Richard Ben Sapir died in January 1987, in the sunny afternoon of his life, in full control of his wonderful talent; in the warm surrounds of his loving family and friends. A lot of words have been written about him since then, some look-Ma-I'm-writing encomiums from people whose warm words would have been appreciated more while he was living.

But he never needed anybody else's words and he still doesn't, even in a valedictory. In a big piece of almost five million words he wrote his own.

Asked once how he could equate his career as a serious novelist with his other career doing The Destroyer, Dick Sapir said: "The Destroyer is what it is. It is good. And that's enough. There are not many good things in this world and Warren and I are part of one."

Amen, brother. We keep trying.

-Warren Murphy

Chapter 1

Captain Claiborne Grimm was not at his command post when the Sonalert started beeping.

Although he was missile warning and control officer at the PAVE PAWS radar tower at the far end of Georgia's Robbins Air Force Base, national security did not preclude a trip to the john. And there was nothing in Air Force regs about bringing along a book to pass the time.

There was a lot of time to pass in the ten-story PAVE PAWS complex. Especially at three o'clock in the morning with an unheeding moon silvering the wedge-shaped blue building. The entire structure was run by computer. From the Modcomp system steering the phased array of 2,677 radiating elements that were shielded behind the building's eastern face to the twin CDC Cyber 174 data processors, there was little need for human beings at the console screens.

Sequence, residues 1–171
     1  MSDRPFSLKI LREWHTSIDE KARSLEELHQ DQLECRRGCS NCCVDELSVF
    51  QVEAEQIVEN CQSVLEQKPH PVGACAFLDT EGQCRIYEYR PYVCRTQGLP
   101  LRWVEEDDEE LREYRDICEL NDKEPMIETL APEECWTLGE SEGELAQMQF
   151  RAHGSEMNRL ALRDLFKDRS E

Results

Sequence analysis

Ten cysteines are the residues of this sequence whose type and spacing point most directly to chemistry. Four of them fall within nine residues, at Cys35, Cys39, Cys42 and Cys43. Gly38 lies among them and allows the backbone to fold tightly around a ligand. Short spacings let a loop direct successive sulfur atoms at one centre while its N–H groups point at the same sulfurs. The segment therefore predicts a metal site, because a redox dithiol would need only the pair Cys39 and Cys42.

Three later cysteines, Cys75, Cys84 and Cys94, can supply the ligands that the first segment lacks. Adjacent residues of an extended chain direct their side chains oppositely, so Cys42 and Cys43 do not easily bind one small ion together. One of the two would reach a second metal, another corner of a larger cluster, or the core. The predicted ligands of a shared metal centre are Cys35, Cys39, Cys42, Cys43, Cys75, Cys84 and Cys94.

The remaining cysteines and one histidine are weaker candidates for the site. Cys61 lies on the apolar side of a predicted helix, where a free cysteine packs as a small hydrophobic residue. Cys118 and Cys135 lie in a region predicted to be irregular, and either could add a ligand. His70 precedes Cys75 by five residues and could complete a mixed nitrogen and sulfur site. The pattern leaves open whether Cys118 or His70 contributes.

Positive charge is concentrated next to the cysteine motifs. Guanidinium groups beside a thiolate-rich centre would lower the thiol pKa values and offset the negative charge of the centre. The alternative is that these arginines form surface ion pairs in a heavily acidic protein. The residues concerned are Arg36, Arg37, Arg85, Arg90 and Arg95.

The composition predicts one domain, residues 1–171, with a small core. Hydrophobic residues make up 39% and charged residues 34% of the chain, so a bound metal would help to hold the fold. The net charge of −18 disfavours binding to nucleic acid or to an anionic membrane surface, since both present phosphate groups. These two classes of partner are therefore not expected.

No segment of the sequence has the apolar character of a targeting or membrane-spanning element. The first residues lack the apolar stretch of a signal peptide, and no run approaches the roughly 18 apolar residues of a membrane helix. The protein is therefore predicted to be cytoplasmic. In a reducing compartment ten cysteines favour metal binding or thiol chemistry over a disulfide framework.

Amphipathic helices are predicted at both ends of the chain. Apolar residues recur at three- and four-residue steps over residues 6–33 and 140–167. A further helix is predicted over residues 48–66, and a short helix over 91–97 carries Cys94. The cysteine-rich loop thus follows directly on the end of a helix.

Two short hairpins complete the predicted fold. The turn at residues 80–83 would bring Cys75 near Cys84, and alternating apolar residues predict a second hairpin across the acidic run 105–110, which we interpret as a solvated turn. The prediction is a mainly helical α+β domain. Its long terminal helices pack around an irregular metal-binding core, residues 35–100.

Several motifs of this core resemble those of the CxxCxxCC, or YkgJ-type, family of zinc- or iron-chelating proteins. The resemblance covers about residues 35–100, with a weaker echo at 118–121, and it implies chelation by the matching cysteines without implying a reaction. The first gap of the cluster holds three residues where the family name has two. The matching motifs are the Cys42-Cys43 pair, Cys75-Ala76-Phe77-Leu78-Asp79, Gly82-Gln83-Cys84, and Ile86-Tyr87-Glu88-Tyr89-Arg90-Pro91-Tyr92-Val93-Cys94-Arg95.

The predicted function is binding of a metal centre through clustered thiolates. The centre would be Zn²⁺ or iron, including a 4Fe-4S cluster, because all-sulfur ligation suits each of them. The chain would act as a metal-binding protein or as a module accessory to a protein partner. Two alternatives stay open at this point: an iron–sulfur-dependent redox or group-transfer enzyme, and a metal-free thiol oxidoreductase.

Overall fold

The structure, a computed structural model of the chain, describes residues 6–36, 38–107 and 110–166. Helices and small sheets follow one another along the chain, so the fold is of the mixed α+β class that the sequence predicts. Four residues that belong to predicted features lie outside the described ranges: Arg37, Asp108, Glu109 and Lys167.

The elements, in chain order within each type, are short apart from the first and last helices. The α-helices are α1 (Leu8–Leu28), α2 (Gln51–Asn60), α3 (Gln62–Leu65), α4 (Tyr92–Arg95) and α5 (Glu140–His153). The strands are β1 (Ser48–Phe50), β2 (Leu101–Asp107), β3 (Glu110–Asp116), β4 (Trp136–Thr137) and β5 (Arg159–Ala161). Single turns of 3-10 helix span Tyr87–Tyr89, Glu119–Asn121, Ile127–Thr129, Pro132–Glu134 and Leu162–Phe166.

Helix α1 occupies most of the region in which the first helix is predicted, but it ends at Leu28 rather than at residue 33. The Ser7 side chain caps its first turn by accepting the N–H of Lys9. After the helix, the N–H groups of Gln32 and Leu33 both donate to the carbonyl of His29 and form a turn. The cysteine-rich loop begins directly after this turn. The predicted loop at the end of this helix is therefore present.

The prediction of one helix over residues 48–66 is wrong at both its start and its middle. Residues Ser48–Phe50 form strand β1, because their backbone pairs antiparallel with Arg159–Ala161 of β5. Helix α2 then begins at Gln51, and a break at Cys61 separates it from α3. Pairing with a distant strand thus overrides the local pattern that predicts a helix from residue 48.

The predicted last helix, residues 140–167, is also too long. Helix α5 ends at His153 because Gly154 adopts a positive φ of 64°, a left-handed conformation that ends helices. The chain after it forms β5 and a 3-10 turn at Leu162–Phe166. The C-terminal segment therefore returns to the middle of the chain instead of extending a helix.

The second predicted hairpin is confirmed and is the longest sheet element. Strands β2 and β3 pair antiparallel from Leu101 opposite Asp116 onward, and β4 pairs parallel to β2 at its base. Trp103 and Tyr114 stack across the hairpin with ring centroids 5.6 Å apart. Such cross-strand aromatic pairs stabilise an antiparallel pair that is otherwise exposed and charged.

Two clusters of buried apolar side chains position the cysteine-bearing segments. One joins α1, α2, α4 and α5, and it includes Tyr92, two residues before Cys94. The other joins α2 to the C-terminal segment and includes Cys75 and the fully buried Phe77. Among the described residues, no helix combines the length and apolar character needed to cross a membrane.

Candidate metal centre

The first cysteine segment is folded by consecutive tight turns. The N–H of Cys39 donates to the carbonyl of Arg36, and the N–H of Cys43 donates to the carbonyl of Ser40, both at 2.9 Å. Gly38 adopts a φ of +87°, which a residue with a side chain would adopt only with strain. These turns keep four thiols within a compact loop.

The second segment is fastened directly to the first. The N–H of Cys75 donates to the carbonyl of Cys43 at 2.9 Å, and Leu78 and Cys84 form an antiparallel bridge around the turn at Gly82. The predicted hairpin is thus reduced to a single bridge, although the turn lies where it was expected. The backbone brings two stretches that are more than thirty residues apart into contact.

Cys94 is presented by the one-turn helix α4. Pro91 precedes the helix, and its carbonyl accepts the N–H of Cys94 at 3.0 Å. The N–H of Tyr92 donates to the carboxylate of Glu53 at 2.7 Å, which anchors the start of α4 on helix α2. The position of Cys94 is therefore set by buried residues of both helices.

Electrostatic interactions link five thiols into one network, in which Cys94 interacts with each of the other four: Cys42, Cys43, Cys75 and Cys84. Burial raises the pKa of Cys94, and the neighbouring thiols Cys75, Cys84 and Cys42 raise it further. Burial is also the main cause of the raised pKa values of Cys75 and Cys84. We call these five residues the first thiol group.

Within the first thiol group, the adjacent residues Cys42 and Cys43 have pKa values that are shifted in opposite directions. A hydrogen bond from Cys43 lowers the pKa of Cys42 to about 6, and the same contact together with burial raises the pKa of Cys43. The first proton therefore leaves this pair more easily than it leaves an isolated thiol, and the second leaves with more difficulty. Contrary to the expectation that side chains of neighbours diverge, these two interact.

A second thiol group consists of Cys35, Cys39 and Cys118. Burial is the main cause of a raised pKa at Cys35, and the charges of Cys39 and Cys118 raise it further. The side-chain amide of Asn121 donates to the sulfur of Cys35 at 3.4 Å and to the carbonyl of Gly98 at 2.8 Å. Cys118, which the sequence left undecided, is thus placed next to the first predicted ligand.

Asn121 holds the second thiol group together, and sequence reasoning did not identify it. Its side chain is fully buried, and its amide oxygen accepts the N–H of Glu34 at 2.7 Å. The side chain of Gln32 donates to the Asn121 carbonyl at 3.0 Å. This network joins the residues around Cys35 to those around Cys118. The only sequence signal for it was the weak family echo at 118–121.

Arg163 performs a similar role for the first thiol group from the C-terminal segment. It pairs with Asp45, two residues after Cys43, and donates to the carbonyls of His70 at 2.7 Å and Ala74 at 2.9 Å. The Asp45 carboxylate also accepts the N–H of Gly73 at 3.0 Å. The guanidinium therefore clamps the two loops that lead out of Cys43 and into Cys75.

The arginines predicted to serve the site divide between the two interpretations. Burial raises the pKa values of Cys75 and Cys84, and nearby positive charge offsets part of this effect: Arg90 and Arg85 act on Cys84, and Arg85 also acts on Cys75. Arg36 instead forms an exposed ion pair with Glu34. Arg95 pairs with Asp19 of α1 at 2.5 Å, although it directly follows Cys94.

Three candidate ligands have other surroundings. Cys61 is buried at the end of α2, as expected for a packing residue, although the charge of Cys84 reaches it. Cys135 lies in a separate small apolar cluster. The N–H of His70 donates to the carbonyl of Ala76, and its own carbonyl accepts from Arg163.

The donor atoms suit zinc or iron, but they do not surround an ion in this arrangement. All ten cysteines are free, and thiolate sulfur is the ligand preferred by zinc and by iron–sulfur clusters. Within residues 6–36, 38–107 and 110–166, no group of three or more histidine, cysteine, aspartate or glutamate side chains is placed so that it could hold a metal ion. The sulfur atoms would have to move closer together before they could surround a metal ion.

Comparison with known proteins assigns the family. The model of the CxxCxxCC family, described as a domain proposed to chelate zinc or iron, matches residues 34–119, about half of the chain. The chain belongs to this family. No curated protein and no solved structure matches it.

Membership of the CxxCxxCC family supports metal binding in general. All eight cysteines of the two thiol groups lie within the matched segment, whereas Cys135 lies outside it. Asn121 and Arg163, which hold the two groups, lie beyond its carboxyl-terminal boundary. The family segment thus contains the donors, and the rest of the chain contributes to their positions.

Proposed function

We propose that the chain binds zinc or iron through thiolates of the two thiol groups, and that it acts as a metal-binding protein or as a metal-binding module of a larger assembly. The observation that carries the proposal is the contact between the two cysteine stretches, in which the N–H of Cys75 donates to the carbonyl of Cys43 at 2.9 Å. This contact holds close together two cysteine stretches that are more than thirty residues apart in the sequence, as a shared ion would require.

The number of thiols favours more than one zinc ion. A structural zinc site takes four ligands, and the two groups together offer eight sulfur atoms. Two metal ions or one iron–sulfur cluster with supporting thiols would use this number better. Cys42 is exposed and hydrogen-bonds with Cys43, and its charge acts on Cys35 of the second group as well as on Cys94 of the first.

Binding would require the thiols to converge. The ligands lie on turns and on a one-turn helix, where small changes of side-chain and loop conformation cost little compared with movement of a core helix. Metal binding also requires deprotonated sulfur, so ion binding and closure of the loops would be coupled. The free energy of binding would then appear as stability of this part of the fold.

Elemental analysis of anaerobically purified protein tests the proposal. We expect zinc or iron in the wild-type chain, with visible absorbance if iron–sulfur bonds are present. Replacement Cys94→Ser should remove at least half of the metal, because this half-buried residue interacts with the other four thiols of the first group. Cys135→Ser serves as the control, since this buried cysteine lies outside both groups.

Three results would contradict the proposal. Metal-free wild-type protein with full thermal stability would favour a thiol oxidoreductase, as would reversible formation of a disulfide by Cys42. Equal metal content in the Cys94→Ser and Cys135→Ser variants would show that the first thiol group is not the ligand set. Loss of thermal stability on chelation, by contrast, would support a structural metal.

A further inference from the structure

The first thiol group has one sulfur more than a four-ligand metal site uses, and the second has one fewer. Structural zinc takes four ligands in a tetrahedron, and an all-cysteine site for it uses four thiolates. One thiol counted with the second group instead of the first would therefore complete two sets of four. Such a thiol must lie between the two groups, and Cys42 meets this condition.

One of four identical sites scattered throughout the United States, the PAVE PAWS radar system's primary task was to detect the launching of submarine-based ballistic missiles. It was the last line of detection in the event of global war. Conventional wisdom had it that World War III would begin with massive land-based launches targeted at opposing land-based launch sites. NORAD's Spacetrack satellite system was responsible for detecting those first-strike launchings. If anyone survived to give orders for a second strike, America's submarine fleet would presumably still be intact to discharge that mission. By that time, Captain Grimm reasoned, the PAVE PAWS network designed to detect enemy submarine launchings would be so many floating particles-and never mind the Pentagon's crap about survivable mission-critical circuits.

So when the alarm beeped, warning of a possible submarine launch, Captain Grimm turned the page of his book. He was at a really good part. The blond with the big knockers was about to go down on the hero. Besides, the system had probably just picked up another satellite decaying out of orbit. But because he was a trained Air Force officer, Grimm kept an ear cocked for the status officer to hit the reset button, indicating a nonthreat situation.